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Published by:
Copenhagen Business School (CBS) (2013)
Length:
9 pages
Data source:
Published sources
Notes:
This item is part of a free case collection. For terms & conditions go to www.thecasecentre.org/freecaseterms

Abstract

In 2012, the viral campaign ‘KONY 2012’ made media history. The 30-minutes video advertising the capture and prosecution of the infamous Ugandan warlord Joseph Kony became the most popular video on YouTube ever. The campaign video had a fairly simple message: in order to catch Kony, the world would have to learn the truth about the warlord and the activities of ‘The Lord’s Resistance Army’ (LRA), the group of rebels he controlled. ‘KONY 2012’ set a new standard for on-line campaign sets. Yet, it also quickly raised critical voices, accusing the film crew of oversimplifying the complex conflicts in Central Africa, of drawing on emotions rather than on facts and of manipulating its audience. The campaign was supposed to culminate on 20 April 2012, with supporters taking to the street to demonstrate and thus put pressure on the US government to intervene in Uganda, but was largely a failure. The case has been taught in the context of the BSc program on philosophy and business administration at Copenhagen Business School, but is generally suitable for classes with a high level of student involvement and reflectivity, for example in marketing, media or leadership. This case is part of the CBS free case collection (visit www.thecasecentre.org/cbsfreecases for more information on the collection).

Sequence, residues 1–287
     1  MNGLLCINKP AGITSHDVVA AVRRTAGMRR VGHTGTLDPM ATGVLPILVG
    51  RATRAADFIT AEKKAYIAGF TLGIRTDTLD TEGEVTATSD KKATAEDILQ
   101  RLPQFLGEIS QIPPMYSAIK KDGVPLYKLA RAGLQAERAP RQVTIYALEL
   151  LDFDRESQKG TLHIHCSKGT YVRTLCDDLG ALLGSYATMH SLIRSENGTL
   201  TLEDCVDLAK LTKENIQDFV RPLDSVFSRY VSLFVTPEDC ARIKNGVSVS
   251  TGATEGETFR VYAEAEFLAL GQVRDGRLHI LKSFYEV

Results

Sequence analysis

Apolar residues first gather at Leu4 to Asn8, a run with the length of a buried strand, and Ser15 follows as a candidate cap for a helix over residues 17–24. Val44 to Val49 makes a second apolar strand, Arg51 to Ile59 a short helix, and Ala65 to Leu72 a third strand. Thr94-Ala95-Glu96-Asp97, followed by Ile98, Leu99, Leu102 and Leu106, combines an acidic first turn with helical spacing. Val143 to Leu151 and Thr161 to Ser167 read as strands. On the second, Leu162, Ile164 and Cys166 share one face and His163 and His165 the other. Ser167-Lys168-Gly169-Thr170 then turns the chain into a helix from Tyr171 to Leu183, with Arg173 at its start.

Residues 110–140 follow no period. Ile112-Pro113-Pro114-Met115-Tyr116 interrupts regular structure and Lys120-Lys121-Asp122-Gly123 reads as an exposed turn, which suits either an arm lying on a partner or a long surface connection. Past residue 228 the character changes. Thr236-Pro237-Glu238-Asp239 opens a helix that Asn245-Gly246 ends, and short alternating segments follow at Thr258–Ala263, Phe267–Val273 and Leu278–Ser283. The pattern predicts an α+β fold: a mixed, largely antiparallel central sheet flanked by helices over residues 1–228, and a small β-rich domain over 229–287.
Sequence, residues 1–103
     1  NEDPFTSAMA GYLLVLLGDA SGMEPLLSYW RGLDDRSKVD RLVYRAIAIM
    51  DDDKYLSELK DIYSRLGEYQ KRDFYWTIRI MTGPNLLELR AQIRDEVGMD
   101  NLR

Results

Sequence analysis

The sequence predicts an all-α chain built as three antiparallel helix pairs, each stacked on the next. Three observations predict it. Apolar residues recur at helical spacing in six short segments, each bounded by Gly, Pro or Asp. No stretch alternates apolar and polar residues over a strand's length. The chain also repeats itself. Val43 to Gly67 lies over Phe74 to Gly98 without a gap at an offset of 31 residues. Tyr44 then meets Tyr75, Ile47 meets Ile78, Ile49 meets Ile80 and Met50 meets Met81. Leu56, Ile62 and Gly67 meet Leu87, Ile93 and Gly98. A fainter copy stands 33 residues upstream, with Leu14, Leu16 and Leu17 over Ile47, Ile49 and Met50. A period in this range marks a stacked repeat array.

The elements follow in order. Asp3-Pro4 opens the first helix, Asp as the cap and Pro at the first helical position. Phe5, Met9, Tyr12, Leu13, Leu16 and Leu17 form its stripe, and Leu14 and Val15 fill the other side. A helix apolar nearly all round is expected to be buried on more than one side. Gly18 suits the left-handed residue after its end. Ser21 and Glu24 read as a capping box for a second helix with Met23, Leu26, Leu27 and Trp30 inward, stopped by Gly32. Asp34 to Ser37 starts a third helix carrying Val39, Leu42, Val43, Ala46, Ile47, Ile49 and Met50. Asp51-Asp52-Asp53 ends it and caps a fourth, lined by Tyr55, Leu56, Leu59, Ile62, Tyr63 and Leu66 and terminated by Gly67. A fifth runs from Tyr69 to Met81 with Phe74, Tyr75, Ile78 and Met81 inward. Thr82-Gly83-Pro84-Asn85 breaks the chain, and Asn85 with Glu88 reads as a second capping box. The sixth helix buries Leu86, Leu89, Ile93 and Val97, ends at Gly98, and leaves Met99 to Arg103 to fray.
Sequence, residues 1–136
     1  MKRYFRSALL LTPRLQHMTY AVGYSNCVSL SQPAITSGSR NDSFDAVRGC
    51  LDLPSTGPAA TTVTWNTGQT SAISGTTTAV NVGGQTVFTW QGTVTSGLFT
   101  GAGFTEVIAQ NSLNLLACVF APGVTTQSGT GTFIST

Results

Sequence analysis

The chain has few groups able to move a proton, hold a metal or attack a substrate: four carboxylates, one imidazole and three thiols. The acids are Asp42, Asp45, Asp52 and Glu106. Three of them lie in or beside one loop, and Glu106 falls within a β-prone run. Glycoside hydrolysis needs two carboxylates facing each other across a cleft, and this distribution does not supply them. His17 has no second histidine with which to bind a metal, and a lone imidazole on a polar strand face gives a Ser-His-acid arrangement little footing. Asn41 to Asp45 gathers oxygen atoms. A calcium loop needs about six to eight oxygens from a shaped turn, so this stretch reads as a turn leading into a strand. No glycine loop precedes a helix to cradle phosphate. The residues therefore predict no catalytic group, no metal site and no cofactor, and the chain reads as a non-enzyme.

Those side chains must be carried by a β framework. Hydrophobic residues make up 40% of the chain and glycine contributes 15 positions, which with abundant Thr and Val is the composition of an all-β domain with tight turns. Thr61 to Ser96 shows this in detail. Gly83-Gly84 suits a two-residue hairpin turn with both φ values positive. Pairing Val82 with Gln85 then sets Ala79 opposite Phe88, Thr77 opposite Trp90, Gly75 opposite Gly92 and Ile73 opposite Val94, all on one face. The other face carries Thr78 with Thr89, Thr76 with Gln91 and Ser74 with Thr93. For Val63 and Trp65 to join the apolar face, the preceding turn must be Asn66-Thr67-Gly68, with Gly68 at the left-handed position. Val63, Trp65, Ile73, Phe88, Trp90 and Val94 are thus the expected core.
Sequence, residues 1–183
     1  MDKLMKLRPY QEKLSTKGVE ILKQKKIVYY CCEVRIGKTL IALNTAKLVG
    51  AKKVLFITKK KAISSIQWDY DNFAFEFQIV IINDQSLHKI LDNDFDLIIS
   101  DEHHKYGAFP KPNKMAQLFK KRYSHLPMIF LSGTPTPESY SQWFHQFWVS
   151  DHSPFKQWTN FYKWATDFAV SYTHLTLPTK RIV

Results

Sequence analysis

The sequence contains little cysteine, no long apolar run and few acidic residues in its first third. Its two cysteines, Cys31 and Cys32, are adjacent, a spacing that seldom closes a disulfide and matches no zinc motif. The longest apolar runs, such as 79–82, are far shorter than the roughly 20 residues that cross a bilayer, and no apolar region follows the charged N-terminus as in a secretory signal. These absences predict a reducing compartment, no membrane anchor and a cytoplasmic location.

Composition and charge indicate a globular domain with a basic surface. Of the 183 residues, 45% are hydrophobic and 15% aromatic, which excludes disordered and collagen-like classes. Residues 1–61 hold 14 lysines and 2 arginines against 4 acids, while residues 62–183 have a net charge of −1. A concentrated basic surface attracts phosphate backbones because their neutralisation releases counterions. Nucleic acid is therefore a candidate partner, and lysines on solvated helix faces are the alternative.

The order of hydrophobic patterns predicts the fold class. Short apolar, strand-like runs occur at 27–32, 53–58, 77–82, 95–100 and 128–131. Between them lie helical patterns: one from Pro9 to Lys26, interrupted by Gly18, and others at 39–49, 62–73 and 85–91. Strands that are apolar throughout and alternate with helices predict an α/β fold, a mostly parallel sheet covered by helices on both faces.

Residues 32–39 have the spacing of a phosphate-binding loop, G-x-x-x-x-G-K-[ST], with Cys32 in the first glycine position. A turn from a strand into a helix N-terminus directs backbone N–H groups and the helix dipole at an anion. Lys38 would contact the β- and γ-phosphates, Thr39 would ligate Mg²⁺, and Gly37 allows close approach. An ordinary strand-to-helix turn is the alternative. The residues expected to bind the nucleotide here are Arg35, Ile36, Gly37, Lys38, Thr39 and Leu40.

Topics

KONY 2012; Jason Russell; Truth-telling; Performativity; Uganda; Communication; Campaigning; New media; Social technologies; Media; YouTube; Viral marketing
Industry:
Other setting(s):
2012

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